MATES and SAM collaborating on Additive Manufacturing Technology


MATES (Maritime Alliance for fostering the European Blue Economy through a Marine Technology Skilling Strategy) and SAM (Sector Skills Strategy in Additive Manufacturing), both Erasmus+ funded EU Blueprint projects, have agreed to work in collaboration on Additive Manufacturing Technology. SAM is coordinated by EWF (The European Federation for Welding, Joining and Cutting), Belgium and aims to develop a system to identify and anticipate skills for the Additive Manufacturing sector in Europe in response to labour market needs. MATES is coordinated by Centro Tecnológico del Mar – Fundación CETMAR, Spain and aims to develop a skills strategy that addresses the main drivers of change to the maritime industry, in particular the shipbuilding and offshore renewable energy sectors.

Additive Manufacturing, more commonly known as 3D printing, is one of the paradigm shifters analysed by MATES. MATES has uncovered information on the present impact of 3D printing in the maritime sector (shipbuilding and offshore renewable energy) and the expected trends for the future. In both sectors, Additive Manufacturing is expected to become mainstream between 2025 to 2030, although there is not a clear consensus on the overall level of impact this technology will have on both labour markets during this period. The use of Additive Manufacturing in traditional manufacturing is expected to increase in the coming years, reaching 50% of the market potential between 2031 and 2038. Preliminary results on the future scenarios for shipbuilding and offshore renewable energy are available in the Strategy Baseline report. MATES is including training on 3D printing in one of the pilot experiences that will be carried out during 2020, addressing students of secondary education and VET.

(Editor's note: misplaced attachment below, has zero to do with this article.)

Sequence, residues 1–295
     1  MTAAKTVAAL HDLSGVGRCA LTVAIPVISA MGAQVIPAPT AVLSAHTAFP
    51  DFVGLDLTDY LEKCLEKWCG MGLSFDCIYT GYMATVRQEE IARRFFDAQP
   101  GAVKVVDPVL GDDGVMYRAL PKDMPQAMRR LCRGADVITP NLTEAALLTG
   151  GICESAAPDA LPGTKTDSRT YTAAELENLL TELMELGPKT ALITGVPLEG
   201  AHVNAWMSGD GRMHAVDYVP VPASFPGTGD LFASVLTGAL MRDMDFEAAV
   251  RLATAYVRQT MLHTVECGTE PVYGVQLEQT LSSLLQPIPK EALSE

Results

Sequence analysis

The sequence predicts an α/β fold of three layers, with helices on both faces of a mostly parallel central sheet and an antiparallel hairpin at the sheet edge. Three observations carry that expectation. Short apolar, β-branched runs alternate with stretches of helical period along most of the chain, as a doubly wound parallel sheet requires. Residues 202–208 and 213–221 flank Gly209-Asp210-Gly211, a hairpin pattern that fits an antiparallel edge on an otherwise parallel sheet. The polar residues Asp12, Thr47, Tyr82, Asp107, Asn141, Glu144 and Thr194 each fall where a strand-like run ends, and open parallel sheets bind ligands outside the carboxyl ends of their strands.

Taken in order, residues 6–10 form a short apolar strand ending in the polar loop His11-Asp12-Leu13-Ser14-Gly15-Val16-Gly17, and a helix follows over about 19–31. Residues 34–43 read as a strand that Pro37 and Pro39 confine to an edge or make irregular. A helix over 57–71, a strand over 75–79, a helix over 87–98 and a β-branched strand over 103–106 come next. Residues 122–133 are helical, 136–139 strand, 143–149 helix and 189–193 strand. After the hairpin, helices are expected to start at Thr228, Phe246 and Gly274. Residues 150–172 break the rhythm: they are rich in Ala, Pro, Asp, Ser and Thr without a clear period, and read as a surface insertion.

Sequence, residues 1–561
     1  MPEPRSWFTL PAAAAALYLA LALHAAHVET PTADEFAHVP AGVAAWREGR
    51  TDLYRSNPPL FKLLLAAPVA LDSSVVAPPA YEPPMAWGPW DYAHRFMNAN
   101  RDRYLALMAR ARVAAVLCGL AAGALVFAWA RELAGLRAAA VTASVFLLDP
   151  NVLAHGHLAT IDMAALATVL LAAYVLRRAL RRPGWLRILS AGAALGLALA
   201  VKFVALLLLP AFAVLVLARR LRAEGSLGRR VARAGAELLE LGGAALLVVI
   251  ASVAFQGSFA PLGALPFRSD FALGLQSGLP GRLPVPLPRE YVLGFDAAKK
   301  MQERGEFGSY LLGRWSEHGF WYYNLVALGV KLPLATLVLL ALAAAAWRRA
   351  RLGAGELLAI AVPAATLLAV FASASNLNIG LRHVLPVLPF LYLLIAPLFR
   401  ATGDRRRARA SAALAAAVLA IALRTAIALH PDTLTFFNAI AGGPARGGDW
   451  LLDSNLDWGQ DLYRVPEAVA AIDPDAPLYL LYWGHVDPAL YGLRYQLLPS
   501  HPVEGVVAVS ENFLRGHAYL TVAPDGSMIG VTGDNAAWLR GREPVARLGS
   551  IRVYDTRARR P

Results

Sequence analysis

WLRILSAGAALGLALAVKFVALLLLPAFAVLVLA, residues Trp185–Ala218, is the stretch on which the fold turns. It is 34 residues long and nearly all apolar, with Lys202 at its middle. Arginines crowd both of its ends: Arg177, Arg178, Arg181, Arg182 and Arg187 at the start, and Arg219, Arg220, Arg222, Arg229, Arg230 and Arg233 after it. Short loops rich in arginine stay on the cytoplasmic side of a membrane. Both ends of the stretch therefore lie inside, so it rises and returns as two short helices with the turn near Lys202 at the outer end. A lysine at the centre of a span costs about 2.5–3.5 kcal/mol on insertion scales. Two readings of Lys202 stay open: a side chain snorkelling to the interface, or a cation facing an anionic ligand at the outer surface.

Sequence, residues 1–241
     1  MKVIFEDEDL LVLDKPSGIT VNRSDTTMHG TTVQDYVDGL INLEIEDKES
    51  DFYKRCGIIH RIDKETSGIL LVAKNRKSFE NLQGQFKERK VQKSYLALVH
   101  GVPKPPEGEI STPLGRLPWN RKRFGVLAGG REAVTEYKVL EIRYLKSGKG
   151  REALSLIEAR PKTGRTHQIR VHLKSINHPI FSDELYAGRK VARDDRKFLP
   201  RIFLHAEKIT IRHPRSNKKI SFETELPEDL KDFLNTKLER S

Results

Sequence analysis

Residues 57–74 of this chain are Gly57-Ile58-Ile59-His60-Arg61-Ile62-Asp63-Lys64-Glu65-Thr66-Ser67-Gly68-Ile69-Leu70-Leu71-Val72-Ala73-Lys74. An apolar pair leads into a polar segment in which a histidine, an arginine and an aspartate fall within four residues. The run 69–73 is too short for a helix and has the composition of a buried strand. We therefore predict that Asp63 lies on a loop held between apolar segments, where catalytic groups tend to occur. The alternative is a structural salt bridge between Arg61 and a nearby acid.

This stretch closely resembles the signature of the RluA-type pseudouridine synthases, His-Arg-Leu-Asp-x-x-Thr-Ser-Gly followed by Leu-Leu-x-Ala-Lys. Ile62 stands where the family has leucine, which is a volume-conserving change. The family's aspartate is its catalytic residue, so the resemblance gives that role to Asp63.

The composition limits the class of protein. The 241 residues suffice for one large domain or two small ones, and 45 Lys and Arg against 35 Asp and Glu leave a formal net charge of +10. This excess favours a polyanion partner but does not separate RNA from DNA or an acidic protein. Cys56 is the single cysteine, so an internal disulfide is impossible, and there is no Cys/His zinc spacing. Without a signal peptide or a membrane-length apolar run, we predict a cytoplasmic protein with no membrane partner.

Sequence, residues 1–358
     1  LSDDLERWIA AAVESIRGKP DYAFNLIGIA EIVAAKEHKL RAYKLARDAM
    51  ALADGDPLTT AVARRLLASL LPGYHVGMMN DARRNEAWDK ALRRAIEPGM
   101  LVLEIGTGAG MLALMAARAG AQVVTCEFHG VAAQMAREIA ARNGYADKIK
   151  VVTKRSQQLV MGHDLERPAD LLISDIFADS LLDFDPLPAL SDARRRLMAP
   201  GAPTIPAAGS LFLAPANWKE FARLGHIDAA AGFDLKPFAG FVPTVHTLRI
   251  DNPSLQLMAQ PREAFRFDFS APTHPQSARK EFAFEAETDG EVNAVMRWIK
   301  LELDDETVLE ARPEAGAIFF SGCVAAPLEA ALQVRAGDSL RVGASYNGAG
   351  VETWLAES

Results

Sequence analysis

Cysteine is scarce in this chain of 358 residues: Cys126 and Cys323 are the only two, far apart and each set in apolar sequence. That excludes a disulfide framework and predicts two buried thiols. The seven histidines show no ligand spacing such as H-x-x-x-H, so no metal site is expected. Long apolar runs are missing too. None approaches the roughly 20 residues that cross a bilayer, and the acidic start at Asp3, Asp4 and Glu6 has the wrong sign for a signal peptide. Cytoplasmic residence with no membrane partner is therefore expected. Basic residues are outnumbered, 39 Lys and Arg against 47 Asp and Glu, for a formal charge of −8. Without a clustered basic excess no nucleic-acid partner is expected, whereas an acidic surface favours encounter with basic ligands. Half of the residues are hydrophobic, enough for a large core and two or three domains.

SAM is currently carrying out two surveys (open until mid-October):

Both projects will work together to identify synergies to support Europe’s competitiveness in this innovative technology. Follow for updates. More information on SAM can be found at and MATES at


Photo: RAMLAB’s 3D printing field laboratory (Rotterdam Additive Manufacturing LAB) is working with partners Damen Shipyards Group, Promarin, Autodesk and Bureau Veritas to develop the first 3D printed marine propeller in the world. Source: Ramlab